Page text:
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From Harm To Hope – First Annual Report Published

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We must be bold, determined and innovative, working around or through barriers, making our case for further support so that we realise our ambitions for the world-class system we can and should deliver”

The first annual report on progress under the From Harm to Hope ten-year drugs strategy has been published, analysing the impacts thus far of the government’s funding and strategy around drug supply, demand, treatment, and recovery.

In the treatment and recovery sector, the results seen are perhaps the most mixed – excellent instances of good practice are highlighted alongside metrics which are yet to demonstrate major improvements. We have long known that delivering system improvements and building a world-class treatment and recovery system will require extensive effort and resource, which the voluntary sector is now in the position to deploy. We welcome and share the sentiment of ministers who, in their foreword, have recognised that “delivering complex and meaningful change takes time, determination and vision. We are in the early stages of an ambitious long-term journey and in the year ahead we must maintain the momentum to scale up our efforts.”

The Annual Report recognises many of the challenges that we highlighted in our recent submission to the National Audit Office, namely:

  • Budgets for various elements of the drugs strategy have been impacted by increases in the cost of living.
  • There are significant challenges around recruitment in the current, competitive jobs market, particularly in specialist professions.
  • It is necessary that money is distributed in a more timely manner in future years.


The achievements so far

Despite these challenges, there are many positive developments highlighted in the annual report, including local workforce expansion of 1,670 posts, with recruitment targets exceeded for many roles and a range of products and programmes created to support workforce expansion. Workforce capability frameworks and a ten-year workforce strategic plan are in development, while the first-of-its kind national workforce census has been published.

Furthermore, the target of 5,000 more young people in treatment by 2024/25 is on track to be met, while an additional three inpatient detox units will be opening, including a women-only unit able to provide 900 additional detox interventions per year. The report also highlights a number of positive developments around incorporating Lived Experience into its programmes and initiatives, along with work on co-occuring conditions, housing and employment support, and in the criminal justice system.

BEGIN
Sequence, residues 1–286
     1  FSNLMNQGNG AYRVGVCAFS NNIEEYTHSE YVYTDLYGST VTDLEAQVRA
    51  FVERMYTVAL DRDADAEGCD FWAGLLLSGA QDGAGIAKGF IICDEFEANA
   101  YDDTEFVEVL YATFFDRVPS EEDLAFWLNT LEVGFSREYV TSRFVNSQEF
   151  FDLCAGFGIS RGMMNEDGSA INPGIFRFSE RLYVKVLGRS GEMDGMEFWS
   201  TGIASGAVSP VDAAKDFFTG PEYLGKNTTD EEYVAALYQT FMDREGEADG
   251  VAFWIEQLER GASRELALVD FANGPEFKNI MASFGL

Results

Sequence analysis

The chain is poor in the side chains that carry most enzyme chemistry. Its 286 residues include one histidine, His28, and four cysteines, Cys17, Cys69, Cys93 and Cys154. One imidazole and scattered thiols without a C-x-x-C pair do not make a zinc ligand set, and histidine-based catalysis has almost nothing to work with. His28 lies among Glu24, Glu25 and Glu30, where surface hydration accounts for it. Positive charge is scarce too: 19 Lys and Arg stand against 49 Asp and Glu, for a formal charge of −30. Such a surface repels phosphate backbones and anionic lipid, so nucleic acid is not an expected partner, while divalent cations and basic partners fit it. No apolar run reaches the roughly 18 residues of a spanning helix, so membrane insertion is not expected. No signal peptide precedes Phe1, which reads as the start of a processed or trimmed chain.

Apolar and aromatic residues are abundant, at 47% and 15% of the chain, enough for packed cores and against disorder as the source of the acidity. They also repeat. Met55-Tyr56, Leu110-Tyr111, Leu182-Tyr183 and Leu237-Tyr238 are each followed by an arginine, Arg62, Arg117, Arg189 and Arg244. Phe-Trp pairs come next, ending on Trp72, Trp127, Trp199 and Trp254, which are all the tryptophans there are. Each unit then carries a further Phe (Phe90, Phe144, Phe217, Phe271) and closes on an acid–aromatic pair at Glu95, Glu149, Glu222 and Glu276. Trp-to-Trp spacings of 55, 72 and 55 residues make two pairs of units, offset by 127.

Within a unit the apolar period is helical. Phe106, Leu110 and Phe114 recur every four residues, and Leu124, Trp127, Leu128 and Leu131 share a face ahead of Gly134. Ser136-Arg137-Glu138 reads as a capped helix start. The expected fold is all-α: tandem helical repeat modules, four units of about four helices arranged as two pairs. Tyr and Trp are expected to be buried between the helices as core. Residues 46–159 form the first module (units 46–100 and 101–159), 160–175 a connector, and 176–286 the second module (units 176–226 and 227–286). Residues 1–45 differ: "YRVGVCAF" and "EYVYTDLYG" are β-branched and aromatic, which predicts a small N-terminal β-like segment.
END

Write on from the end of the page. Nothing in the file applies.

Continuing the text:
The most significant information contained within the report is the commentary on the numbers in treatment in the community. The ambition for this is at least 54,500 new high quality treatment places by March 2025, however the numbers of adult treatment places has remained stable, with a <1% increase from 2021/22 to 2022/23. The report recognises the preliminary work that is needed before treatment numbers will increase, with a ‘focus from local areas on recruitment, reducing case loads and building the services, [while] there have been increases in specialist services such as residential rehabilitation’. While endeavouring to maximise on investment and increase treatment places within the community, it is welcome that the report should recognise the capacity and contextual factors facing the voluntary sector in this endeavour.

Looking ahead

Closing the report, the government set out their steps for the years ahead as they look to capitalise on the foundations built in year one. In practical terms, this means delivering high quality treatment places across the country, continuing to build the workforce and improving the quality of interventions, while ensuring access to mental and physical healthcare, housing, and employment support. A further focus is ensuring effective and proactive pathways into treatment, particularly from primary care and the criminal justice system, and enhancing drug intelligence. Lastly, and very welcome, the government commits to ‘make inroads into tackling the stigma’ faced by people using drugs and alcohol.

What the annual report makes clear is that there is still significant work to be done, this shouldn’t detract from the positive impact which is already visible, even only one year in. Dame Carol Black’s foreword of the report states plainly what needs to happen for the aims of From Harm to Hope to be realised:

“Those who work in addiction need to be given appropriate resources and tools, and leaders who can bring about whole-system change. […] We have come a very long way since December 2021. […] But there is more to do and we must be bold, determined and innovative, working around or through barriers, making our case for further support so that we realise our ambitions for the world-class system we can and should deliver”

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Collective Voice is the national charity working to improve England’s drug and alcohol treatment and recovery systems